The recent advance in our understanding of the relation of protein structure and function cautions that many proteins, or regions of proteins, exist and function without a well-defined three-dimensional structure. These intrinsically disordered/unstructured proteins (IDP/IUP) are frequent in proteomes and carry out essential functions, but their lack of stable structures hampers efforts of solving structures at high resolution by x-ray crystallography and/or NMR. Thus, filtering such proteins/regions out of high-throughput structural genomics pipelines would be of significant benefit in terms of cost and success rate. This chapter outlines the theoretical background of structural disorder, and provides practical advice on the application of advanced bioinformatic predictors to this end, that is to recognize fully/mostly disordered proteins or regions, which are incompatible with structure determination. An emphasis is also given to a somewhat different approach, in which ordered/disordered regions are explicitly delineated to the end of making constructs amenable for structure determination even when disordered regions are present.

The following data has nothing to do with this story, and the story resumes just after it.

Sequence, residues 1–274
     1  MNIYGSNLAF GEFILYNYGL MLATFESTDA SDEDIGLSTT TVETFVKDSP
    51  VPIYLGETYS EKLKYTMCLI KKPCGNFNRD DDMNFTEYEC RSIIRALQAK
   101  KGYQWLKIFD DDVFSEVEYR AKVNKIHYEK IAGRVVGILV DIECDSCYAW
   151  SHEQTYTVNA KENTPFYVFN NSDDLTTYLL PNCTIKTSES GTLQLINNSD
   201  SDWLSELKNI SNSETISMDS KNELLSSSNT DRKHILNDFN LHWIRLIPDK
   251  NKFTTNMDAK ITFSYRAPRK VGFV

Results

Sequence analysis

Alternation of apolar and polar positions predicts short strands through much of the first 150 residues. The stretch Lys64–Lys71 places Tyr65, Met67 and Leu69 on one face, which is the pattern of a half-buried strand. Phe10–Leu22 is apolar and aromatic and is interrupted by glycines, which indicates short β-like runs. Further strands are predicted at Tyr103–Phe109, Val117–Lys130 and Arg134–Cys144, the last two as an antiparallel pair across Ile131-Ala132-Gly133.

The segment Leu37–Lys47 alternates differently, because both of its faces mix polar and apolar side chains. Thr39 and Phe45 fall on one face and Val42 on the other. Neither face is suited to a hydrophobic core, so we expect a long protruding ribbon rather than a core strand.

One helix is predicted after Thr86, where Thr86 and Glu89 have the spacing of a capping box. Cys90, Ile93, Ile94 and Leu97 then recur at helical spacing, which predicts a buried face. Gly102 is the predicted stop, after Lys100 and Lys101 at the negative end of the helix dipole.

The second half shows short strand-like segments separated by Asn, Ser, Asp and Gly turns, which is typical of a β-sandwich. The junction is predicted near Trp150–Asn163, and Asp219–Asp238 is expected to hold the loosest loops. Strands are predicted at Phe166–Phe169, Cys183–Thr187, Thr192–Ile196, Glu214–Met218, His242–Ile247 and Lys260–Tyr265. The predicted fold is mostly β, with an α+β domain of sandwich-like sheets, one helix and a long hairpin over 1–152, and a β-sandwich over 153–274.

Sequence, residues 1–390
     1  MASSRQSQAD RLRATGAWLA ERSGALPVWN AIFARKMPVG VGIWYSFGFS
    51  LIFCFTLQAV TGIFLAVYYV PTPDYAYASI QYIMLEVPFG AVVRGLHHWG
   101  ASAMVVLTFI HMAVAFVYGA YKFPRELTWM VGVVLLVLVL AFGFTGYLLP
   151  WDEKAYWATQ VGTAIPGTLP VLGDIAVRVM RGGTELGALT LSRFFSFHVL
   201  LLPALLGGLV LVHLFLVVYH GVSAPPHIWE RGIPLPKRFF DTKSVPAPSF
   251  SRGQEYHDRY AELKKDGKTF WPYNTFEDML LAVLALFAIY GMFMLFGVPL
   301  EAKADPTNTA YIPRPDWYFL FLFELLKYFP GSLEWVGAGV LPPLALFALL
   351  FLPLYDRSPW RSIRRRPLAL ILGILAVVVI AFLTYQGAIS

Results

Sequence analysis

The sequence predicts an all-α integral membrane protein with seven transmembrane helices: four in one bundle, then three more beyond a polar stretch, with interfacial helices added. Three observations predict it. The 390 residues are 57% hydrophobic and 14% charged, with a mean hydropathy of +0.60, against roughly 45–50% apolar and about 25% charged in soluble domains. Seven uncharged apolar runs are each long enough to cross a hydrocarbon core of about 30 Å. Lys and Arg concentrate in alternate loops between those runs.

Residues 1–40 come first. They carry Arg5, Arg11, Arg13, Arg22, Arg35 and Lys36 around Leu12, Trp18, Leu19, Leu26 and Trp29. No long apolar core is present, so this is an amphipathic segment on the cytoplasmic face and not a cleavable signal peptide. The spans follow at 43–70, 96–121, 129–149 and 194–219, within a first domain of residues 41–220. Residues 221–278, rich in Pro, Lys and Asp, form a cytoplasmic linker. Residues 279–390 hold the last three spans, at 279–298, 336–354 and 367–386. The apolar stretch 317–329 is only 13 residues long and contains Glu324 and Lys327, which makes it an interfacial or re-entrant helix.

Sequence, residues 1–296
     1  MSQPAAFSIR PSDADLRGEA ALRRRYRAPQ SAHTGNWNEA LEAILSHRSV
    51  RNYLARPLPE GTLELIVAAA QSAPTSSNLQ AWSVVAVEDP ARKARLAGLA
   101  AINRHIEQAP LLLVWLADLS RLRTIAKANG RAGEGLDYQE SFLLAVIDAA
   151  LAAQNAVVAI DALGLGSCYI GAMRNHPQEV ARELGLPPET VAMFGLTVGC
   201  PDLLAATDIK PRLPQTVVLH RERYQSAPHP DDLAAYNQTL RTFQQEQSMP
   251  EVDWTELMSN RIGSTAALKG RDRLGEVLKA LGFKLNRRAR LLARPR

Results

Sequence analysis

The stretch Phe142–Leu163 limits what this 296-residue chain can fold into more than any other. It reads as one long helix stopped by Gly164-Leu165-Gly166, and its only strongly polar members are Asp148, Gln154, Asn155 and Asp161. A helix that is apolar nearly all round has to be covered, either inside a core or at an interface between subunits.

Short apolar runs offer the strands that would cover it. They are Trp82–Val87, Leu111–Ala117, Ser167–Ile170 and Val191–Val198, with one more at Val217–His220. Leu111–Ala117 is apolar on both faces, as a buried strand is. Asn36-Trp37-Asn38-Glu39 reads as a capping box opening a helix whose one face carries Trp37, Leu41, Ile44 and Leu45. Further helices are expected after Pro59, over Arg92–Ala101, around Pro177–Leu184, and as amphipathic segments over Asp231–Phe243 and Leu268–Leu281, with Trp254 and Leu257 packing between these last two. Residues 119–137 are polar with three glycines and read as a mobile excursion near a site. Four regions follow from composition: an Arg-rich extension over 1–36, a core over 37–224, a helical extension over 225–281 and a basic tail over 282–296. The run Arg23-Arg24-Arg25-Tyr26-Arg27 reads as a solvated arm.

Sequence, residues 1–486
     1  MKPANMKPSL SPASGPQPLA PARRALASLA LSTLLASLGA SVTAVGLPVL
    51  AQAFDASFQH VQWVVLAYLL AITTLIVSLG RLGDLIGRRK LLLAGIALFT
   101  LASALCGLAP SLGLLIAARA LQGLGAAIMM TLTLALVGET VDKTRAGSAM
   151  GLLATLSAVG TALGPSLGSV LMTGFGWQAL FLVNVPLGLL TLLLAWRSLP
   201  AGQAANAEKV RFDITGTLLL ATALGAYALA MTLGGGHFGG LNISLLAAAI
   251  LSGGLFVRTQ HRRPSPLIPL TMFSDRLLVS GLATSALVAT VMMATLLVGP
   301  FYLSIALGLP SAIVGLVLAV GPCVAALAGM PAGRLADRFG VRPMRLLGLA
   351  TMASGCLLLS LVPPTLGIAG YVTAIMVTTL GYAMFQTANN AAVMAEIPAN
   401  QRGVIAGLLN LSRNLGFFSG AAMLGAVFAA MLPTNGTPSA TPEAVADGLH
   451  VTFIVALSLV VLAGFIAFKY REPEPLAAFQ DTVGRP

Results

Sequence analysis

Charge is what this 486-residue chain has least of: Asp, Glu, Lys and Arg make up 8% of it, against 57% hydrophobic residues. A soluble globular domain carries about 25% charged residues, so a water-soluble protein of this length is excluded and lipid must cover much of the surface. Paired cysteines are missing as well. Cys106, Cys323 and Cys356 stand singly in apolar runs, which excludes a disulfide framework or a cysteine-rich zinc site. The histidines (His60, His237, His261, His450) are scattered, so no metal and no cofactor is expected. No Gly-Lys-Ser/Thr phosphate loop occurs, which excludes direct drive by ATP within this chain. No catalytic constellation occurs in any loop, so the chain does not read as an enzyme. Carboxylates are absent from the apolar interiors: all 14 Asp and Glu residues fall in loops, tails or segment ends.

ASJC Scopus subject areas
- Molecular Biology